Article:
Why Rituals? ~ Jasmine Sachdev
Since the last 6 months, thrice a week, on cool mornings or hot sunny afternoons, a bunch of kids at the Jamunwala Park stand in a circle, look into each other’s’ eyes, and walk and exchange places, or sit in a circle and catch an imaginary fish. These are just two of our rituals that we follow in each of our sessions with children at Khirkee as we make our first play together.
Rituals are characteristic to a space. A ritual holds and binds the space and makes the space what it is. Rituals are also at the heart of practice as theatre practitioners – it is consistent and central to the work we do with our children.
The Opening Ritual
The opening circle includes revision of our norms through a song. The tiny rat (chotta chooha) comes in to remind us of the actions that will make the space, a safe and a happy space for everyone. We created the song to fit our purpose and are sharing it here with you. Feel free to pick up elements, change things around, and build it into your work with any chhota chuhas you might know.
chhota chooha chhota chooha touch karne se pehle poochta hai chhota chooha chhota chooha Sabki baat sunta hai chhota chooha chhota chooha Aas paas ki cheezon ka dhyan rakhta hai chhota chooha chhota chooha Poore session ke liye rukta hai
We all stand in a circle in neutral position, one person walks towards another person, looking into their eyes and takes their place while the other person does the same with the third person in the group and so on. This helps us to centre our energy and focus.
This is followed by other drama activities related to the objective of the session for that day.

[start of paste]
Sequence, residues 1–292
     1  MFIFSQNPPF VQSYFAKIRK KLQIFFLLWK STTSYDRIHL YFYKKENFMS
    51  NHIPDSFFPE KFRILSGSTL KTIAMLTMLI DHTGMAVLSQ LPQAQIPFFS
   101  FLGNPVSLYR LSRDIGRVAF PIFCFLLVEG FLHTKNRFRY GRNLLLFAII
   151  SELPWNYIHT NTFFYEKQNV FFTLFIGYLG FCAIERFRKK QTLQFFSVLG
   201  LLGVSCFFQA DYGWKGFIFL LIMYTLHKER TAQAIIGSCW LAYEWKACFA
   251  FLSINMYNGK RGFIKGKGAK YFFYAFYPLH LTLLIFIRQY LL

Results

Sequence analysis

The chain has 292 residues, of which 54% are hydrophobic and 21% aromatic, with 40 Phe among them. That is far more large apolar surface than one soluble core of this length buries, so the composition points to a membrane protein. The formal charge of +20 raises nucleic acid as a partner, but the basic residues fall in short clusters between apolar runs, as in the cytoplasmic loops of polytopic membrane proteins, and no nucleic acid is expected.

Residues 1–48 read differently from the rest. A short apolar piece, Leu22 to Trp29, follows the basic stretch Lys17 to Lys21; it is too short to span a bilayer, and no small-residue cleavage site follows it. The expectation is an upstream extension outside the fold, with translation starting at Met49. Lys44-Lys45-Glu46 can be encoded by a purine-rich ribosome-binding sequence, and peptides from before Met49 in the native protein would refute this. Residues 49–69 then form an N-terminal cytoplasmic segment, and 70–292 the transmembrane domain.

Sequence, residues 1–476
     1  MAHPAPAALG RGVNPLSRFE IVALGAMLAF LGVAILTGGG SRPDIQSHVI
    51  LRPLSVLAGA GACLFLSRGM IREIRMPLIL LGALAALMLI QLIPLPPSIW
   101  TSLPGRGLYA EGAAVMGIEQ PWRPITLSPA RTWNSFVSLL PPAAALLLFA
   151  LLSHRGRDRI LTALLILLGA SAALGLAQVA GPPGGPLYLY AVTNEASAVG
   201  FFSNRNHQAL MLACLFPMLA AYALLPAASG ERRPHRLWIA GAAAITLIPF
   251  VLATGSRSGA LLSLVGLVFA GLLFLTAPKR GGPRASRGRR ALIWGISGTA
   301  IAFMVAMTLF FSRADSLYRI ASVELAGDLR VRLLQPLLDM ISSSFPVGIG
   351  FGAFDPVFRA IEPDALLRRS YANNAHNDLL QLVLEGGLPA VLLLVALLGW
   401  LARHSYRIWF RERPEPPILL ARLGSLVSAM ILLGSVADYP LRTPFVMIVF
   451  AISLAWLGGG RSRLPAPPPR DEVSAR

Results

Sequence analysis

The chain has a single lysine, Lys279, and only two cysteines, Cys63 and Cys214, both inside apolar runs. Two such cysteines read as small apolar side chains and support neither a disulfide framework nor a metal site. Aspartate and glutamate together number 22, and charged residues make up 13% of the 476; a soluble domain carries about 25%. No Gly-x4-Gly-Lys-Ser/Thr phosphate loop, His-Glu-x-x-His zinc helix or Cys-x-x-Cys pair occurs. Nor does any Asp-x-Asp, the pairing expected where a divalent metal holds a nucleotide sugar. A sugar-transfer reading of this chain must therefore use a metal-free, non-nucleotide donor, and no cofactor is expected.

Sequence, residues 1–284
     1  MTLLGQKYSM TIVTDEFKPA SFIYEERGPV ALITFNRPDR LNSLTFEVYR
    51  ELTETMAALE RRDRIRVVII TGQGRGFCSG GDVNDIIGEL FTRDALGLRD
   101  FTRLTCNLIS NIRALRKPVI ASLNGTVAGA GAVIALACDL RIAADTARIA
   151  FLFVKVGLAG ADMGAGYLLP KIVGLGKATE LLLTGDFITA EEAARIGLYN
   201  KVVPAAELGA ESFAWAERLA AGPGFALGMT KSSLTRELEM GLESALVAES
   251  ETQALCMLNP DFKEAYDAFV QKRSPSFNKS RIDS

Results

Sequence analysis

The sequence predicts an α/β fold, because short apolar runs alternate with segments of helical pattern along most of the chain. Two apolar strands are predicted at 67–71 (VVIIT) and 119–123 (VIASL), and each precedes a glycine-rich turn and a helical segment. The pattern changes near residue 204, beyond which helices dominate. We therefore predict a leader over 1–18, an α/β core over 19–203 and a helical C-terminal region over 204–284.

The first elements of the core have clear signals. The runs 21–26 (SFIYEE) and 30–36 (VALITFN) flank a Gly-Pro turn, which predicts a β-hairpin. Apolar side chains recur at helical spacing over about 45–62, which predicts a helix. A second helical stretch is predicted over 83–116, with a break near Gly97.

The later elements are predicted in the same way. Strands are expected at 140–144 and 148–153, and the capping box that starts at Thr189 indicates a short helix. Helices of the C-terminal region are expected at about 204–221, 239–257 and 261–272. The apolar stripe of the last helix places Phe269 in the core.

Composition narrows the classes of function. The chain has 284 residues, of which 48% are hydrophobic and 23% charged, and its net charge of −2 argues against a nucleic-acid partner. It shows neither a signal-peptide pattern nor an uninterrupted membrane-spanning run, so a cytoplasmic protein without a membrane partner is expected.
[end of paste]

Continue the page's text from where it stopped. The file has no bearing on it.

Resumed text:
The Closing Ritual
Once we are done with all the activities for the day, it is time for our closing circle.
We sit in a circle, breathing in and out (smell the roses and blow off the candle), calming ourselves down after all the energy and action and drama the session had.
We reflect and share with the group a thing we did well and one thing we did not do well and will do better next time.
The session ends with playing Machli, where one person creates an imaginary machli with their hands and everyone has to catch it together when it jumps by clapping at the centre – it centres the group’s energies in the moment, bring the session to a complete circle.
Our journey with the rituals in this space has been an interesting one. There was a time last year when we had to call the children so many times to get to a point where we all are standing in the circle in a neutral position. Today, the children don’t need Devika or me or anyone else to do eyeballing. They lead it. A few sessions back, both Devika and I had to be out of the session in the beginning due to some other distractions around, the children did eyeballing by themselves and then we continued doing the rest of the activities with them. Earlier we were struggling with reflections as most would repeat just the sequence of the events that happened, however now the reflections are getting deeper and the kids have started identifying behavioural actions they do well and want to improve. They are taking turns in making imaginary machlis and successfully catching them together.
We(the children and the facilitators) are still learning and progressing and growing. At times, we still laugh or don’t listen attentively to others during their sharings and at times break into a small dance step at the end of our turn in eyeballing, but we get back to neutral again, try to listen again and hold the space for us and each other again.